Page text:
At the end of January 2021, Facebook held its usual Q4 earnings call for the previous year. CEO Mark Zuckerberg positively discussed Oculus Quest 2’s holiday sales, mentioning how they’d: “done more than any other company” to make virtual reality (VR) a mainstream technology. Facebook is most certainly dominating even as it moves towards a singular headset as its sole piece of VR hardware and its not stopping, with the surprise confirmation that a follow-up was already in the works. So that inevitably begs the question, what would an Oculus Quest 3 offer and how would it advance the industry?
It’s no surprise that Facebook is working on the next standalone iteration as hardware can take years to develop – the original Oculus Quest from 2019 was first shown in 2016 as the Santa Cruz prototype – it was more the open honesty about it. Apple, for instance, is known to be working on a high-end VR headset yet all the details so far have come from unnamed sources; the company has yet to officially confirm reports. It seems Zuckerberg’s attitude was more along the lines of ‘Quest 2 is a hit, of course, we’ll make another.’ And why not, he fervently talks about the technology and has ploughed significant money into it. Obviously, that has meant Facebook creating a monopoly which not all the industry is happy about, but that’s a discussion for another time.
Oculus Quest 2 is almost 5 months old and by all accounts – not just Facebook – it’s been really good for VR as a whole. Developers have seen revenue in the millions and detailed stats like monthly active players tripling. So 2021 bodes well for the device, benefiting from both its easy to use nature as well as the current global situation where most are having to stay home and find new avenues of entertainment. Starting at £299 with a lighter, smaller form factor; no need for an external PC and crisper displays, the headset ticks all the right boxes. And then there are features like hand tracking which have barely been explored.
Oculus Quest 3 – or whatever Facebook decides to call it – will definitely carry on the standalone ethos the company has developed over the last couple of years. While it still wants to offer versatility via its Link system, the untethered quality which will be the core focus. 4K resolution displays should be the entry-level for this third iteration, as companies like Pico already offer 4K models which provide stunning visuals. Less clear is whether the new device will come with LCD or OLED displays. Fast-switch LCD’s can be found in Oculus Quest 2 and Valve Index which help them achieve high refresh rates, yet OLED is the clear winner when it comes to blacks. Play one of the many VR horror titles like Blair Witch: Oculus Quest Edition on an original Quest (OLED) and Quest 2 to see what a difference it makes.
Form factor is unlikely to radically change – no VR sunglasses just yet – small savings in weight and balance will occur, helping improve the comfort factor for longer sessions. When it comes to duration hopefully the standard device will push past 3 hours without having to buy an accessory like the Elite Strap. In fact, a balanced headset straight out the box with a rear battery would be ideal as the current setup is a little front heavy still.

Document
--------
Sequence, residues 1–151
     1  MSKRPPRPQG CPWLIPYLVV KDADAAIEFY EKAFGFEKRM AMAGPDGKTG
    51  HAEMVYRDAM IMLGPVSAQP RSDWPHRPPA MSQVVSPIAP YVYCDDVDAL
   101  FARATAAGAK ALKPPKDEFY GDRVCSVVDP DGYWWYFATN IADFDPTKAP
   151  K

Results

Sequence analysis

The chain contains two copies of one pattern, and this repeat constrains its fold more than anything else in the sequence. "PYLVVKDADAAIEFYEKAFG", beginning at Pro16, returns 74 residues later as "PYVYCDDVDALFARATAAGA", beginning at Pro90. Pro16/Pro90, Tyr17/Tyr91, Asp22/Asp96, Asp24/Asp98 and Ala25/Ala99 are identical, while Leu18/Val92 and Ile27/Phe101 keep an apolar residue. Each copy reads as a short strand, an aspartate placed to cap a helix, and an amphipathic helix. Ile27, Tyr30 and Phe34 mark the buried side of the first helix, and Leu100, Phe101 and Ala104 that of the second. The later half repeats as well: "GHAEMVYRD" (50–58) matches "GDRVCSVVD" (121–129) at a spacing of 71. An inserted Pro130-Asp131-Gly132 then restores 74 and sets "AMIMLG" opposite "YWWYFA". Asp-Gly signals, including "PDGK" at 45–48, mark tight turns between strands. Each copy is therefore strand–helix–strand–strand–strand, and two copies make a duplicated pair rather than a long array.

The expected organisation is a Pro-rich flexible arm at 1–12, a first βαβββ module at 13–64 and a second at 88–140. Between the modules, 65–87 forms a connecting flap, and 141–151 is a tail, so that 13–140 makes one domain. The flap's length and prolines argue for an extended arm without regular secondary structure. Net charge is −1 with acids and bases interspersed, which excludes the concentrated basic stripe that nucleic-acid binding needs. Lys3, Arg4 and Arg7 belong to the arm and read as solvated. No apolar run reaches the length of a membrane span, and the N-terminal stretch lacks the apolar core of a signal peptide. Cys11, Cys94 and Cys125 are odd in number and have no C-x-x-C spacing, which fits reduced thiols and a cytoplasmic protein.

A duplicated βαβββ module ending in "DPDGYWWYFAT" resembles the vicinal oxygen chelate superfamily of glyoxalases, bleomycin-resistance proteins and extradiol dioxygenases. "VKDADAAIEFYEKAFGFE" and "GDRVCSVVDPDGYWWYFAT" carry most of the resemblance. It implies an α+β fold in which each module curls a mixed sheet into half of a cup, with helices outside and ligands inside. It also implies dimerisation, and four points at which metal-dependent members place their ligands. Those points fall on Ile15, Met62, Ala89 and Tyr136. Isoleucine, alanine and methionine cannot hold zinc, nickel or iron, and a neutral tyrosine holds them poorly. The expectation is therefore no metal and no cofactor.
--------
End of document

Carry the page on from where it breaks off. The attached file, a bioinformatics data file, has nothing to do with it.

But these suggestions don’t advance the industry enough, merely refinements like the Oculus Rift S. The future headset needs to increase that feeling of presence and immersion. Eye-tracking is one of the more feasible additions, providing avatars that can be expressive in social situations. Another benefit would be foveated rendering so whatever mobile processor is inside can easily achieve those 4K visuals. Quest’s hand tracking would need an upgrade, solving issues like occlusion so that your hands don’t suddenly disappear when they cross over. Ultraleap is doing some interesting work in this area. It’s working with Qualcomm to optimise hand tracking on the Snapdragon XR2 platform which currently rests at the heart of Oculus Quest 2. The tech will come to Qualcomm’s reference design so there’s a long shot it could filter through. More likely is Facebook developing its own method.
Expanding upon the tracking theme and those expressive avatars, facial tracking or at the very least recording mouth movements. AI could fill in as virtual beings like Lucy showcase, yet if we’re all having to remotely connect to one another for a family get together or when attending a virtual event, the way a face conveys emotion is vital. If Oculus Quest is the mainstream headset then surely that’s a necessary piece of the puzzle.
All this being said, don’t go and sell your Oculus Quest 2 just yet. Facebook has churned out six headsets in the last five years with only 17 months between Oculus Quest and Quest 2 so VRFocus would expect a 2022 launch for any new model. Also, it would need to upgrade whilst keeping the cost relatively the same as that £300 is a nice sweet spot, keeping it out the region of PlayStation 5 which could well see a new PlayStation VR by that point. Which is important, as the one thing lacking at the moment is actual competition, a driving factor in any tech sector.